Nancy Maguire, an expert on coding and ICD-10, teaches you how to prepare your medical billing staff for the changeNancy Maguire, ACS, PCS, FCS, HCS-D, CRT, author of The Nancy Maguire GPS to ICD-10-CM Planning and Implementation Guide, is a nationally-renowned procedural and diagnostic coding instructor, bootcamp trainer, and workshop leader. She has spent more than 30 years as a hands-on coder and has authored countless coding articles and presentations. In her expansive career, she has transitioned from nursing, to coding, to practice management, auditing and consulting. Nancy served as Director of Coding and Reimbursement at UTMB in Galveston Texas for four years. She served the first two terms as president of AAPC in the early 1990s.

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Medical Billing Tip of the Month – May

admin May 9th, 2011

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How to Easily Do a Mass Rebill on Claims for Patients

When you need to do a mass rebill on claims for patients in Kareo medical billing software, you can go into your “Encounter” drop down menu and click on “Track Claim Status.” Then type in the patient last name and it will open all the claims that were pending or closed for this patient. If you need to rebill a bunch of dates, instead of going into each one, highlight a group of them by using your control button and you can click on “Action” and “Rebill” and it will rebill all that are highlighted.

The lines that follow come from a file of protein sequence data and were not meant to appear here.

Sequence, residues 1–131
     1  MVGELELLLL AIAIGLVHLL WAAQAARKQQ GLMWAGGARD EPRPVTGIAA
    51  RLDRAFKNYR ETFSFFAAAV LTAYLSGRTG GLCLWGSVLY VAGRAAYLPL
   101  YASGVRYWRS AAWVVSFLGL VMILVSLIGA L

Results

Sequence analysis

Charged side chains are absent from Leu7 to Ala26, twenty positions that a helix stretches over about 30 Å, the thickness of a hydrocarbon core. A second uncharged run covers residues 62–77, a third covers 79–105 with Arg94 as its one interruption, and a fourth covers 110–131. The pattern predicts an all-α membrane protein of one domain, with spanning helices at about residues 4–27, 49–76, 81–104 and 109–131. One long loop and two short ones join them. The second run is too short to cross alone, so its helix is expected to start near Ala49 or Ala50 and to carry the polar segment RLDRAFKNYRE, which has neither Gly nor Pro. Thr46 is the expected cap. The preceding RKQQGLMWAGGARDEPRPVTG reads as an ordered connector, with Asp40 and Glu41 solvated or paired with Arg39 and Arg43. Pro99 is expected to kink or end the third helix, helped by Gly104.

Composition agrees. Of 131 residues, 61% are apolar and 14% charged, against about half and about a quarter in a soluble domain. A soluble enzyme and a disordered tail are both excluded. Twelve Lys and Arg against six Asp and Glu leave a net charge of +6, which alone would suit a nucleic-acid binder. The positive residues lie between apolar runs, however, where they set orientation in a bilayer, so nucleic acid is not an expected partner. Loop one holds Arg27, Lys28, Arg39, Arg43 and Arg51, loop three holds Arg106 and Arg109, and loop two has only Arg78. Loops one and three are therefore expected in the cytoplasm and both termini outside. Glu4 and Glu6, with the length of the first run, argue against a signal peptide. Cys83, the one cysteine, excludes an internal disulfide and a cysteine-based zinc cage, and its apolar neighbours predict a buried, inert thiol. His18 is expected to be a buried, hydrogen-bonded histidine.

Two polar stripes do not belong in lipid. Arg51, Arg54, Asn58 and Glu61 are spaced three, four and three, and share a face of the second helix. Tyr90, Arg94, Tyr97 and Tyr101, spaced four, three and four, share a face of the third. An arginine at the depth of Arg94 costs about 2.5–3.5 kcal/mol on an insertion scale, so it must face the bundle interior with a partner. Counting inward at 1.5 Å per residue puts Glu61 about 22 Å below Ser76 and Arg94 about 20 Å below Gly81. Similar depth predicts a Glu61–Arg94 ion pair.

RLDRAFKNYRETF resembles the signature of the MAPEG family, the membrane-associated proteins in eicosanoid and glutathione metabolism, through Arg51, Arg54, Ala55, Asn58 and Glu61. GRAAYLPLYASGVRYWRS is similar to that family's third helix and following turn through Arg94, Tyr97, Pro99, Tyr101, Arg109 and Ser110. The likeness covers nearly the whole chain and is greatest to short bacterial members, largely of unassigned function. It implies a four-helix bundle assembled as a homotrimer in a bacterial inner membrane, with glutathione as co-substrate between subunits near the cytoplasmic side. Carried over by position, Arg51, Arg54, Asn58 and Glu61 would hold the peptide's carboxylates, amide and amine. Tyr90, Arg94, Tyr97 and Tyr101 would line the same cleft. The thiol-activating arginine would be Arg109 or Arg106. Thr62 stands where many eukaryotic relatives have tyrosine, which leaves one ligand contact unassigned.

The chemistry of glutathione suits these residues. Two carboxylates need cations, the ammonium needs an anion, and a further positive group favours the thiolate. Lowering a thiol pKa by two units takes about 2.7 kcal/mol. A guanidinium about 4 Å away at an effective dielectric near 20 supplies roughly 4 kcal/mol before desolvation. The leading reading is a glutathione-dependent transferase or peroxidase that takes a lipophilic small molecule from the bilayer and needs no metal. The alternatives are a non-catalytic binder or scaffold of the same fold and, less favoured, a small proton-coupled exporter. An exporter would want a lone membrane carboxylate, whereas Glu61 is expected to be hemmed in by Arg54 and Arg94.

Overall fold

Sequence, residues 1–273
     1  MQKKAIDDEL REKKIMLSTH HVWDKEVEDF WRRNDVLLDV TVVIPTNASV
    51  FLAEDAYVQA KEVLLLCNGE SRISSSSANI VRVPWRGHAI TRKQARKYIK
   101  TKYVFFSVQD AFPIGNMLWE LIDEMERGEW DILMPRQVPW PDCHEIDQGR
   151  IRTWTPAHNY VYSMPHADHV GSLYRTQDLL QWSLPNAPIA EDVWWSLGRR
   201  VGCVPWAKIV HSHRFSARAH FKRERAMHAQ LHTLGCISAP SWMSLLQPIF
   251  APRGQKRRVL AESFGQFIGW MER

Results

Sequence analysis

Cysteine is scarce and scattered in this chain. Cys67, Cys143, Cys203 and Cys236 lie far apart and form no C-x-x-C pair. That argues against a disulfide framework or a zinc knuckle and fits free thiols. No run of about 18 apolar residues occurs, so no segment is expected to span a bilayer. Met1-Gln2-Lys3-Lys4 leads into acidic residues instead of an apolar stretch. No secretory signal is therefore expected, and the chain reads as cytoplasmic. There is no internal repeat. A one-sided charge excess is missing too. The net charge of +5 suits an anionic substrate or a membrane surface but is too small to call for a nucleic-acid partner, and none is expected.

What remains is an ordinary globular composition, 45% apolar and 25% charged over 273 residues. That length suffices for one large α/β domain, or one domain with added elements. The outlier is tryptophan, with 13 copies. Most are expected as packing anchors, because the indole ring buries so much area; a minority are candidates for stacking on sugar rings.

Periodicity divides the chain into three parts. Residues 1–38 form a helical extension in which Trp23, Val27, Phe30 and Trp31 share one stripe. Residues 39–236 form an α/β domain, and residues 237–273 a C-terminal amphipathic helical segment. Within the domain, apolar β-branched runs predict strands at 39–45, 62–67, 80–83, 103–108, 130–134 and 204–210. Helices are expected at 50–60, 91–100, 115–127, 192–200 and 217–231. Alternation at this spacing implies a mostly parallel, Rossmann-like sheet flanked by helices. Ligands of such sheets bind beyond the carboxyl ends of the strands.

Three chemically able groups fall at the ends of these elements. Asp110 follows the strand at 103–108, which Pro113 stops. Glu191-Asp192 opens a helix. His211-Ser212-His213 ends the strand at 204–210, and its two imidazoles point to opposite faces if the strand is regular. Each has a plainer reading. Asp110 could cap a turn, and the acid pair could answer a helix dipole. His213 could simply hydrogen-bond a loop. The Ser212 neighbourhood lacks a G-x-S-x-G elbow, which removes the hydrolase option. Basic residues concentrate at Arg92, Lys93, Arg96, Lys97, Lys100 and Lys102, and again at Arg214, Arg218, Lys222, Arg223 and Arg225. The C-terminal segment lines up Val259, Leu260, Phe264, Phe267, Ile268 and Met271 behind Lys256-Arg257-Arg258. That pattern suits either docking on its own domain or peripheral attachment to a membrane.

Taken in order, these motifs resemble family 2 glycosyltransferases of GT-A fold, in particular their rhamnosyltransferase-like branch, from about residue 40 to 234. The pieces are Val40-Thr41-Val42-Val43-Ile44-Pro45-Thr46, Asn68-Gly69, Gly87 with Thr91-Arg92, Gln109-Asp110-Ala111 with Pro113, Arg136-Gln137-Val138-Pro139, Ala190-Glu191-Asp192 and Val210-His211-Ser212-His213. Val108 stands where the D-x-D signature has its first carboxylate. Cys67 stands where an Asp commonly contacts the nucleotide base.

This has come in handy for me when I have several claims for a specific patient that I need to send back out to the insurance company. Instead of having to go into each encounter one by one or clicking on each one and then the “Action”/”Rebill” on each line, I prefer to highlight a bunch when needed. You can also do this for settling claims on a patient’s account too, by highlighting a bunch of their encounters/line items. I hope this helps. I know it has helped me several times.

Melissa England
Billing Dept. Manager

Thank you to all who entered; please be sure to submit your Medical Billing Tip of the Month to by Friday, May 27 for inclusion in the next round of judging. You could win a $250 American Express gift card if your tip is chosen. Good luck!

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Medical Billing Software Update: News and Ideas from Industry for May 6, 2011

Kathy McCoy, MBA May 6th, 2011